Richard Nixon attended the March 14, 1970, Gridiron dinner, too. Wilkins looked up from his terrapin to catch "the President - all dressed up in white tie and tails, sitting about twenty feet away - staring at me intently. Our eyes locked only briefly before the President turned away, his eyes blinking in a rapid, nervous way. Though we had never met, he had to know that I was the black who had turned down his [prayer breakfast] invitation with those rude comments, because I was one of only two blacks in the group of more than five hundred men in the room." It was of no comfort here that Nixon could tell one black face from the next.

Gridiron rules allowed the roasting of the president of the United States if not his portrayal on stage. Most but by no means all past occupants of the office loved the attention, with Lyndon Baines Johnson being among the more direct objectors. "About as much fun as throwing cowshit at the village idlot," he once said. Nixon, in contrast, hoped to earn a reputation as a good sport and thus sided with the majority. Democratic Senator Edmund Muskie of Maine gave what Wilkins called "a very funny and exquisitely partisan speech" - observing that the Republicans' three problems were the war, inflation, and what to say on Lincoln's birthday. Nixon laughed, and so did Wilkins.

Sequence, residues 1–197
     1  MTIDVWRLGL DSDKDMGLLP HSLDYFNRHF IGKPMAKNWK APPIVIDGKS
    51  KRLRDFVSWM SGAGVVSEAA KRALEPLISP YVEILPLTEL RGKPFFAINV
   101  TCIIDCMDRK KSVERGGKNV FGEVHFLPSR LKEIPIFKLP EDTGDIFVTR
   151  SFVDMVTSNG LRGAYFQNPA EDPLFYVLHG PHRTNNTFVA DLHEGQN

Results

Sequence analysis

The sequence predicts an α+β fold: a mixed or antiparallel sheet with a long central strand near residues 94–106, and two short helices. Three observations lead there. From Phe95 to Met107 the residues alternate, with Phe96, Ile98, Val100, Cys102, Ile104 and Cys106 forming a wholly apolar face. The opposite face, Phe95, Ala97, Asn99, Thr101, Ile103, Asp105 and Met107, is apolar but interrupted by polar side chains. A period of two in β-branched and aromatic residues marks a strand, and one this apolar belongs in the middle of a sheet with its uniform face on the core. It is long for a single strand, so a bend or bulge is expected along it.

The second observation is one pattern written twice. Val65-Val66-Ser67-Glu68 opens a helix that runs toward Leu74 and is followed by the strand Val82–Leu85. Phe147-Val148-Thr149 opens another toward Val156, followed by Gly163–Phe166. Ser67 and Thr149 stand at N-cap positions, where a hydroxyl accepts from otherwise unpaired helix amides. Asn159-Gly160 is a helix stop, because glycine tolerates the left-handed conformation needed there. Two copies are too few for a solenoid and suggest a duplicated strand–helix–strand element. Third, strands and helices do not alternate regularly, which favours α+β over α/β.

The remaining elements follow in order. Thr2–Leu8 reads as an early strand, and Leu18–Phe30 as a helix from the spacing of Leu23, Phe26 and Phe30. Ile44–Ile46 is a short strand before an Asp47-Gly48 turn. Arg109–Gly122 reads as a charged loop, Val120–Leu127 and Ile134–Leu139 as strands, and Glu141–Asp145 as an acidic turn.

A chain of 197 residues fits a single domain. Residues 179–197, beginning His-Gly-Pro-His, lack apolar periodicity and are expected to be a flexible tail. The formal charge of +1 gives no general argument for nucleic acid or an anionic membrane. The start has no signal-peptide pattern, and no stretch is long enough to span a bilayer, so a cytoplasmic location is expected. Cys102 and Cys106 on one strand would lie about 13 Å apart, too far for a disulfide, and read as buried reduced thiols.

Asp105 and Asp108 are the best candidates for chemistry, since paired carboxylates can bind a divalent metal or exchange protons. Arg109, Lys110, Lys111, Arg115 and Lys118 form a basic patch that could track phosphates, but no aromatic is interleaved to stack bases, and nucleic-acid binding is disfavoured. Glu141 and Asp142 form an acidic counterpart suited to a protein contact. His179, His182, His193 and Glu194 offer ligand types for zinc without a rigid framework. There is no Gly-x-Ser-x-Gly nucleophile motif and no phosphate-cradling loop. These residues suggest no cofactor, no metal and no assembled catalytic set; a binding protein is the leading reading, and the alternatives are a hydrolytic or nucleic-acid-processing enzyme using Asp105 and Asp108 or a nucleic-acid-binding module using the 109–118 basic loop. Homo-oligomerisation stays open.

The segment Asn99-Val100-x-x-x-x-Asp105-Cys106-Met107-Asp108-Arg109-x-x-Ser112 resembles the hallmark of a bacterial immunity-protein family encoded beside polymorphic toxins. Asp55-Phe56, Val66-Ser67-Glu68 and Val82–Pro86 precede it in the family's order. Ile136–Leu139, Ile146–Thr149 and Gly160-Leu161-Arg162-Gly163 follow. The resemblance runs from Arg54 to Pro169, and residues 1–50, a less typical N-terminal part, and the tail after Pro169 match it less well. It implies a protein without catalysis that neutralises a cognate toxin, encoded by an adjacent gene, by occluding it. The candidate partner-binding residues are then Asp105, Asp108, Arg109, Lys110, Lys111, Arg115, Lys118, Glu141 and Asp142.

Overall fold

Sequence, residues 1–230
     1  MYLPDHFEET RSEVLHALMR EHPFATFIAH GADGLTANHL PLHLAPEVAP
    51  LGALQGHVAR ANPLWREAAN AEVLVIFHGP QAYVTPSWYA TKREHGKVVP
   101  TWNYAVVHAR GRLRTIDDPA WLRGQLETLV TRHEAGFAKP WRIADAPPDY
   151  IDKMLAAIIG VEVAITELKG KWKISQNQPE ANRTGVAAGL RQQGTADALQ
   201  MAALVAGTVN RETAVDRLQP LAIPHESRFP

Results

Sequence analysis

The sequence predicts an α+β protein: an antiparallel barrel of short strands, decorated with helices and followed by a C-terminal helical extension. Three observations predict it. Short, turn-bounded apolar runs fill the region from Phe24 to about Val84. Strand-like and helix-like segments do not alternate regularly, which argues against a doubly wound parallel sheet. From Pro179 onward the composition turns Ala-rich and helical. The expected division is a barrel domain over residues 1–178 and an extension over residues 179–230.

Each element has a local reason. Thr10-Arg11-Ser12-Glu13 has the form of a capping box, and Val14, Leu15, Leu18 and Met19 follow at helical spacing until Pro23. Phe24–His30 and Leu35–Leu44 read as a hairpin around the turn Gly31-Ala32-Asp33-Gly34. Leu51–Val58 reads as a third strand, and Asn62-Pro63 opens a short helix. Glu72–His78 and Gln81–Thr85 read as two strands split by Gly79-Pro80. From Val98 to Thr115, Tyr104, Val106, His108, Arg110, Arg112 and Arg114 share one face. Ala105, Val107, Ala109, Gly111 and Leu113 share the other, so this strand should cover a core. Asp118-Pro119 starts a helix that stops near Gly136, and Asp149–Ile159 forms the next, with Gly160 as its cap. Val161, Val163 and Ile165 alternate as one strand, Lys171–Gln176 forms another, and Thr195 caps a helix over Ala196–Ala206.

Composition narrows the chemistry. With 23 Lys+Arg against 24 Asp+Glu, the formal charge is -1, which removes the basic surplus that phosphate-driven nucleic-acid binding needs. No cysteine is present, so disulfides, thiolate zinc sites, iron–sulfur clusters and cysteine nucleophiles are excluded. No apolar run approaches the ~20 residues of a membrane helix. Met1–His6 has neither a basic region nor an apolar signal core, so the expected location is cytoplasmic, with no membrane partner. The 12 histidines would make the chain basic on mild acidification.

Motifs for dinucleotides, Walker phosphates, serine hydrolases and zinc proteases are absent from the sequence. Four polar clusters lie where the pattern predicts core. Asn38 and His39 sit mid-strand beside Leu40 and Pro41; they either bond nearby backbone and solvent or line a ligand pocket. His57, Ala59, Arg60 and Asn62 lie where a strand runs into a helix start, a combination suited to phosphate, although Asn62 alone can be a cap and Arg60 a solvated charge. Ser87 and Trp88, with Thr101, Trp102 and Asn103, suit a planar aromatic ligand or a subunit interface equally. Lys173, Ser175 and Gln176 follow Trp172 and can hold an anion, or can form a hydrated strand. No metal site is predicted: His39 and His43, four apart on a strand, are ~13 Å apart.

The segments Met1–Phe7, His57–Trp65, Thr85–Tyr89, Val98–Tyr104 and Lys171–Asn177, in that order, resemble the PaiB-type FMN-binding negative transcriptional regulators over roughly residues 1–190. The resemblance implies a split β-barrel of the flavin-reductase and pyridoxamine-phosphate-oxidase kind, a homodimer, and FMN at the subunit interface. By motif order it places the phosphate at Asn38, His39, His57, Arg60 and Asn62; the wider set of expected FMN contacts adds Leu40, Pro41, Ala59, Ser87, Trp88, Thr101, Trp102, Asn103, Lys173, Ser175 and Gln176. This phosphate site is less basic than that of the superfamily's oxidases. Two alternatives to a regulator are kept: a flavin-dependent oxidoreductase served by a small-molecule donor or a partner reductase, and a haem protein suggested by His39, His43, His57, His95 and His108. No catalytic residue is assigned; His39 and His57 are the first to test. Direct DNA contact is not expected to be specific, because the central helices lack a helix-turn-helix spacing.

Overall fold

Muskie's line was among the rare bits that Wilkin's enjoyed. Overall, he said, "the humor made me think I had stumbled into the locker room of a segregated country club." Most songs and skits spoofed Nixon's so-called southern strategy of reaching white voters at black expense. For this president race was a tool for breaking the "solid South" and tipping those white voters out of their traditional Democratic party nest. Even Gridiron president Jack Steele, Washington bureau chief for Scripps-Howard newspapers, joined in. President Nixon could fulfill the Republican promise to stop "court-ordered busing" and otherwise protect neighborhood schools," Steele deadpanned. "All he has to do is get Ralph Nader to get General Motors to recall all the school buses."

A newspaper reporter on the card, in the role of HEW chief "Bob Finch," sang, to the tune of A Dixie Melody," a summary of this Republican party tack that Wilkins found a bit too cute:

Rock-a-bye the voters with a southern strategy; Don't you fuss; we won't bus children in ol' Dixie! We'll put George Wallace in decline Below the Mason-Dixon line. We'll help save the nation From things like civil rights and inte-gra-tion! Weep no more, John Stennis! We'll pack the court for sure. We will fight for voting rights - To keep them white and pure! A zillion Southern votes we will deliver; Move Washington down on the Swanee River! Rock-a-bye with Ol' Massa Nixon and his Dixie strategy!

A singing "Carswell" developed the court-packing reference:

Nobody knows the trouble I've seen, Nobody knows but Haynesworth.

President Nixon had tried and failed to put Florida's G. Harrold Carswell and South Carolina's Clement E Haynesworth, Jr., both outstanding segregationists, onto the Supreme Court in hope of courting Alabama Governor George Wallace's constituency.[6]